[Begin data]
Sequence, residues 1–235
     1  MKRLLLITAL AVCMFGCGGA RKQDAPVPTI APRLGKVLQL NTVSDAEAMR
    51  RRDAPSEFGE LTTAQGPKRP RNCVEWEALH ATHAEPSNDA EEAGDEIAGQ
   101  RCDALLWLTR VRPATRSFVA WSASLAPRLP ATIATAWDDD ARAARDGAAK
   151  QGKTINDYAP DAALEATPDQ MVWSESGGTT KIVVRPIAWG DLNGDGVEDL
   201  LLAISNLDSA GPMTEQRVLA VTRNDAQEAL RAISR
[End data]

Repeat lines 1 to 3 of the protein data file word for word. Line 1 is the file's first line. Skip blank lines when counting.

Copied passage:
Sequence, residues 1–235
     1  MKRLLLITAL AVCMFGCGGA RKQDAPVPTI APRLGKVLQL NTVSDAEAMR
    51  RRDAPSEFGE LTTAQGPKRP RNCVEWEALH ATHAEPSNDA EEAGDEIAGQ